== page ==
My green onions looked pretty respectable. Why doesn't he climb to a breeze or take a swim? These should be called squirrel frustrators. On the contrary, I have found them to be clean and fresh. . I have just the tool for the job. Even if the saw is sharp, even if you get clean draws each time, it's still a load of effort.
Quite a pile for eleven day's work. But don't be a jackass. I smoothed the split side with a draw knife. After several hours of thrashing and destroying a patch of willow bushes, the bull was free from the blood covered, velvet-like material. A flower pan, and storage cans. I looked forward to freeze-up.
Always message the mods instead of attacking users in public. After beaching the canoe, I walked through the timber, crossing and recrossing the creek that had its beginnings in the far off snows. The crops to grow at Twin Lakes are potatoes, rhubarb, lettuce, onions and radishes. Everything looks as though it had a bath last night. He brought a burlap sack half full of beans, 50 pounds of sugar, and a big box of dried apples. Much easier to pack without the handles already fitted to them. You can tell people how much work it is, you can explain and define it until you're blue in the face.
There is a rhythm to the saw as its teeth eat back and forth into the deepening cut. Give those characters an entrance end they can ruin a cabin. This new day is clear, calm and 28 degrees. It took one hour to the gravel bank of the connecting stream. Clear, calm and a frosty 20 degrees.
Dry standing timber makes the best firewood. Close at hand, the mosses and grasses were full of tiny flowers. The pelt must have weighed a hundred pounds when I dragged it from the water. Sheep liver and onions for supper. Hope Creek had cut a big opening into the lake ice. It's the ultimate soothing nostalgic feeling. The logs were a deal now than they were then, and be easy enough.
A good morning to haul some sand. It's June 7, and I believe the growing season is at hand. The cabin is starting to look as though it belongs. I made the hinges from a gas-can, and they looked almost store-bought. Soon I would be ready to saw the ends and fill the slots between the pole butts.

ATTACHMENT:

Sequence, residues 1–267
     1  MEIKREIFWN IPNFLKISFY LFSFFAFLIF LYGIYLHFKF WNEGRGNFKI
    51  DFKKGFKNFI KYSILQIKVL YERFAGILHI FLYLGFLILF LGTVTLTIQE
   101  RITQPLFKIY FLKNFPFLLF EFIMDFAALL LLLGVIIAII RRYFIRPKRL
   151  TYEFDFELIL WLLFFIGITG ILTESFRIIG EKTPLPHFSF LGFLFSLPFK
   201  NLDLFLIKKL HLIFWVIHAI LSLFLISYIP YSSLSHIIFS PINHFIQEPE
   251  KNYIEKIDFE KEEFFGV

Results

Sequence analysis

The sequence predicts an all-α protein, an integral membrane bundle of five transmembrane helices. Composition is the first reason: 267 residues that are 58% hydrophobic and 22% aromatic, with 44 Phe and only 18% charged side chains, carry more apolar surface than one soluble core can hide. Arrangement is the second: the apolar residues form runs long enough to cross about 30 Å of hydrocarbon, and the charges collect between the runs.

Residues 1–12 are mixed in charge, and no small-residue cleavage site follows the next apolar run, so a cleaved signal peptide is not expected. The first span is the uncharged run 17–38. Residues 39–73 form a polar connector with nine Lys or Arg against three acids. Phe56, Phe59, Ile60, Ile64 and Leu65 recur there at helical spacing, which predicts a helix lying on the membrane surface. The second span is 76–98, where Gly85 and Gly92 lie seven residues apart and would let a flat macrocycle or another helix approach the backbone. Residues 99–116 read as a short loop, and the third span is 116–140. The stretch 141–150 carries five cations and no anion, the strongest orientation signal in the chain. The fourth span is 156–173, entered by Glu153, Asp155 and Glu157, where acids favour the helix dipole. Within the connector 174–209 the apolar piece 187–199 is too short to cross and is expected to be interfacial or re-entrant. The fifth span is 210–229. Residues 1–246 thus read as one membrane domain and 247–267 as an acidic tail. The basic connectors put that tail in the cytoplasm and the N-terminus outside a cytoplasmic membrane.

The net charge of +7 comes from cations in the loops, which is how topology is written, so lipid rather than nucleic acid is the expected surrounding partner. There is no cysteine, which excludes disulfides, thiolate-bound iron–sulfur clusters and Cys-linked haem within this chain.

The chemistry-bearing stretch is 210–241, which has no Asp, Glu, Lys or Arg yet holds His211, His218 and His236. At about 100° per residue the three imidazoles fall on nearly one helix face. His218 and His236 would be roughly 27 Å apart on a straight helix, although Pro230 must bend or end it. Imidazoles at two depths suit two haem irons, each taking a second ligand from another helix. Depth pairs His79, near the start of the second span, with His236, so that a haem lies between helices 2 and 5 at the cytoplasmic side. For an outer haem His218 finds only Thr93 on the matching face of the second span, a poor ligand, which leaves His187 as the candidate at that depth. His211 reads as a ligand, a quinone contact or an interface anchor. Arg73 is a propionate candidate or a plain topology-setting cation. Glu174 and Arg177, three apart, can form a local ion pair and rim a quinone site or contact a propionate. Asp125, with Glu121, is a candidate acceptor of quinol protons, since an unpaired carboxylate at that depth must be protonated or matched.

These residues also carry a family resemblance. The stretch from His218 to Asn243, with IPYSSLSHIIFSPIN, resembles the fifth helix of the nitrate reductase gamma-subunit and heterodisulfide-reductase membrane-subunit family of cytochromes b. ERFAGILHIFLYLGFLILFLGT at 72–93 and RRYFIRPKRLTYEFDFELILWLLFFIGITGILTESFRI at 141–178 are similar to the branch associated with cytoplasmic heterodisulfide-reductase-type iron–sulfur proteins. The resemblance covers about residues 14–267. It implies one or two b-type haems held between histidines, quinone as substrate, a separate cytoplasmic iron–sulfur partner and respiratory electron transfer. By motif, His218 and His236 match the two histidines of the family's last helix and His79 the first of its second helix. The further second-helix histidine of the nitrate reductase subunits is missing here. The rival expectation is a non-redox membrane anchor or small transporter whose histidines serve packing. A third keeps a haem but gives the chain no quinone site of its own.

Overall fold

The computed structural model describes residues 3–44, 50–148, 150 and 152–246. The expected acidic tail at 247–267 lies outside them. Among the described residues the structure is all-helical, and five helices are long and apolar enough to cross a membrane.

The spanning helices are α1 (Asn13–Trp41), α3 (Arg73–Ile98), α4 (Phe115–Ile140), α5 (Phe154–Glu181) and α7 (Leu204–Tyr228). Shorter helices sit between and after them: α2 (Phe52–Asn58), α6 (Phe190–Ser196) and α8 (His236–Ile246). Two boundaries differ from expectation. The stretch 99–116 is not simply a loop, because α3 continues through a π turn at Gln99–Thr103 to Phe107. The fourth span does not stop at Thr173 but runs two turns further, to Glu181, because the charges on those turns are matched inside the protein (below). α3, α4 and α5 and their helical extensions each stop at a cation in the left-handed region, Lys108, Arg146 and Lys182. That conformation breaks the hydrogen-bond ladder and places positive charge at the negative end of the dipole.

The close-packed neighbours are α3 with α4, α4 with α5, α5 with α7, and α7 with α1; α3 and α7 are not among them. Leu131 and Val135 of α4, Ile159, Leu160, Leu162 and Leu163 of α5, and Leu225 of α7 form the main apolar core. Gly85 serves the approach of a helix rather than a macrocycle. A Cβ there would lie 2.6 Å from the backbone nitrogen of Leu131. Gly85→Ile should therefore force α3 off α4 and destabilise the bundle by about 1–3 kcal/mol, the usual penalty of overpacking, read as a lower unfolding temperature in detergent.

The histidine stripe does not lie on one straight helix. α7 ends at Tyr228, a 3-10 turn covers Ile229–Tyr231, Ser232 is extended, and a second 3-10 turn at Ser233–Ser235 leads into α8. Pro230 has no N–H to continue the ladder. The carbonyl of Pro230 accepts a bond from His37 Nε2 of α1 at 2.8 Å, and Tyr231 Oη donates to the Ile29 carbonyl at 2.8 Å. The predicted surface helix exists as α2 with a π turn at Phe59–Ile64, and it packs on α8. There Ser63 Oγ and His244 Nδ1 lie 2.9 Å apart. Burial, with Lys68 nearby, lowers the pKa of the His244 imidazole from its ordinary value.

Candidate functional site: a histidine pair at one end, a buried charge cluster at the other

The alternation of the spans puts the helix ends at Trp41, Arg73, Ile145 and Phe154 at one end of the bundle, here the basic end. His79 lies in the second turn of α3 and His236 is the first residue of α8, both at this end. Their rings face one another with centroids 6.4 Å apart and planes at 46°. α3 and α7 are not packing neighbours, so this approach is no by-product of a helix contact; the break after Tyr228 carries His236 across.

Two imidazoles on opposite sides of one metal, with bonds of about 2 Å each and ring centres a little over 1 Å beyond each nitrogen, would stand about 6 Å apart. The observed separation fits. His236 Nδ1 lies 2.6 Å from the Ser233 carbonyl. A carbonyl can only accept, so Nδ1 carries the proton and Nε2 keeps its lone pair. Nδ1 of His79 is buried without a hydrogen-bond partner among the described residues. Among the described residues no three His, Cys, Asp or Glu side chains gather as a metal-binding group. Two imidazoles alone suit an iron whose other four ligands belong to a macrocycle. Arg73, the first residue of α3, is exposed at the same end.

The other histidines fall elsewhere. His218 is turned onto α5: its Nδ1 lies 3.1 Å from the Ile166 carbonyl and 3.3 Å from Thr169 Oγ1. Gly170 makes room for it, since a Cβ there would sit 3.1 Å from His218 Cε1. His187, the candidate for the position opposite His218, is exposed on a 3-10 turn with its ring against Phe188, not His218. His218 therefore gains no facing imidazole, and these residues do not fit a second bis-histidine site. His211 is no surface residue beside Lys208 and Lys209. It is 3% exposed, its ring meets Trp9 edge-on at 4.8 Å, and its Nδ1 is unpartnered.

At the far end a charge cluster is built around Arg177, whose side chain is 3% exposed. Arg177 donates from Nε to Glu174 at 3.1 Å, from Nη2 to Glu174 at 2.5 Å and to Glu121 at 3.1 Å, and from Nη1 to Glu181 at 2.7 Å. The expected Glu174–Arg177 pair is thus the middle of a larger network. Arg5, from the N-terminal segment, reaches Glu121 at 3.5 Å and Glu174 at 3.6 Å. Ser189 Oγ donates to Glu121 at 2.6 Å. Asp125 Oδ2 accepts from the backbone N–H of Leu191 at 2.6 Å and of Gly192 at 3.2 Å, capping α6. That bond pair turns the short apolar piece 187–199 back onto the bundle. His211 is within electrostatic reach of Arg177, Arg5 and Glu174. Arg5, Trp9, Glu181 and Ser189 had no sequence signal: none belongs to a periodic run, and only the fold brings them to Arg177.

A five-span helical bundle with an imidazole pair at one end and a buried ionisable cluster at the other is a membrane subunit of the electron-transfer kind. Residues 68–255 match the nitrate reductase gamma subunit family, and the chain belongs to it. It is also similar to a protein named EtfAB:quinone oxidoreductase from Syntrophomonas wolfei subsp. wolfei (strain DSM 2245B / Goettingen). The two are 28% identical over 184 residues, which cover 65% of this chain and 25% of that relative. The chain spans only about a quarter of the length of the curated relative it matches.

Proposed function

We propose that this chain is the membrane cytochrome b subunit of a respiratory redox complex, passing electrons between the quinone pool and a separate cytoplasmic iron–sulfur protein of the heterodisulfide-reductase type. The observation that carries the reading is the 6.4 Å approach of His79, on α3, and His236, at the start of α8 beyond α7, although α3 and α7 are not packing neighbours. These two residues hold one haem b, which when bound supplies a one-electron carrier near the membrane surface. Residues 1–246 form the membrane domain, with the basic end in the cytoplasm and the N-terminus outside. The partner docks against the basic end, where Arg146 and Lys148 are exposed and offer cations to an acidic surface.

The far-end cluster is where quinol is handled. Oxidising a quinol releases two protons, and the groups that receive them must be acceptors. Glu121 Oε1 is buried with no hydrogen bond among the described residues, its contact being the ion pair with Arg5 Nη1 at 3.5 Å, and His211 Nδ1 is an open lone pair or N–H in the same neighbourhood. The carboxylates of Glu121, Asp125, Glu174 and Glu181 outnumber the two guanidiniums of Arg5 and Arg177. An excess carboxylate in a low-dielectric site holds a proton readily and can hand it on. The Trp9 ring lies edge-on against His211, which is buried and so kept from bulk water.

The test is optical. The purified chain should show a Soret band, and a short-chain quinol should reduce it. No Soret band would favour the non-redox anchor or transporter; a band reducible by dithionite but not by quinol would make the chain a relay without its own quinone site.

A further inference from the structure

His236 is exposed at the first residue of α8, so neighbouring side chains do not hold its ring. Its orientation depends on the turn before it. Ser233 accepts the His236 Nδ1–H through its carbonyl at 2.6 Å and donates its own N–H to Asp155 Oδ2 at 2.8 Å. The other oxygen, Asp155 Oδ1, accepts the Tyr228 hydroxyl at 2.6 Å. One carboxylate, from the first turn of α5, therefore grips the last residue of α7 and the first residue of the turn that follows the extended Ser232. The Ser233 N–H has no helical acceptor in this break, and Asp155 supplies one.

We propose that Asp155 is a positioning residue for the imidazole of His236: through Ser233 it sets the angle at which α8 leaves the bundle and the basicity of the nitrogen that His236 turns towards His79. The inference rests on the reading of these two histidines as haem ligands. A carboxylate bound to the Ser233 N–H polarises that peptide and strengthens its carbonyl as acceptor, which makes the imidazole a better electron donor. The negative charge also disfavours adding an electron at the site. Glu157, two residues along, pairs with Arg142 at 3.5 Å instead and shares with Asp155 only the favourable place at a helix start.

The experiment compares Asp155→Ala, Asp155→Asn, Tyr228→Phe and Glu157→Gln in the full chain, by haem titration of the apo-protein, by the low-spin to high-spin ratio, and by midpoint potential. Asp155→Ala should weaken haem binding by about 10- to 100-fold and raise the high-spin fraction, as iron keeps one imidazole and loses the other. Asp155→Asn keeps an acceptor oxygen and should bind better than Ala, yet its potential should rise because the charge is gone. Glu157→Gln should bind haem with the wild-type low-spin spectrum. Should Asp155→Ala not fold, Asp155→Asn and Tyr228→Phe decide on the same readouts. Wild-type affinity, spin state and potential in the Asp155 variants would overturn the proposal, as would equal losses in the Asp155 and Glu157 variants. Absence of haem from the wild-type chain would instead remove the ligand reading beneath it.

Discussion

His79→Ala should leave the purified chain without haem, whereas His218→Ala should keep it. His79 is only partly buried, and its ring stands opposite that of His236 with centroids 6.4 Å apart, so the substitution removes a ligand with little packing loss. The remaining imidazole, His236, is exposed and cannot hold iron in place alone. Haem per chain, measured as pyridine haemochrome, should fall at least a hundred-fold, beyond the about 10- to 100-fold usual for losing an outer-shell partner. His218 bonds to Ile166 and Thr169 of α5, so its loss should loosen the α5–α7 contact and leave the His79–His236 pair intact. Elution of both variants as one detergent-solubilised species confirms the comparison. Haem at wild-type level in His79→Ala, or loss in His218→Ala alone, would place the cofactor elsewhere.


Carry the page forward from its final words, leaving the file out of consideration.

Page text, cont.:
The grayling were feeding greedily. The documentary covers his first year in-country, showing his day-to-day activities and the passing of the seasons as he sought to scratch out a living alone in the wilderness. I had dug down a foot into the moss just yesterday, and found frost, and lined the hole with a gas-can box. With a few leftover poles, I built myself a chair and a bench. Hard work, but I enjoyed it. Fried potatoes, onions and fish. And the john was done.
I could see him browning in the pan as I dressed him out, and I left his entrails for the birds. The sun was warm and the eave dripped. Would I love the isolation then, with its bone-stabbing cold, its ghostly silence? It's the end of September now, and if I was gonna stay the winter I would need more meat. Was it too early to catch a fish? I sat down and leaned against them and while I chewed on a chunk of smoked salmon my eyes wandered over the peeled logs. And the new cache will keep bears and other critters out of my food supplies. Today I would cut up wood to build up my supplies. And was I equal to everything this wild land could throw at me? The tools he brought in with him were mostly just the hardware pieces, the handles and mallets he made himself.
I was making good progress today when I heard a plane. Not just hooks like a barn door. Respect the community, and do not consign their comments to the memory hole. And while he may not make the trip physically again--- ---his spirit will always linger in the perfect notches of his logs. A big wind would have cleared the thin ice out yesterday.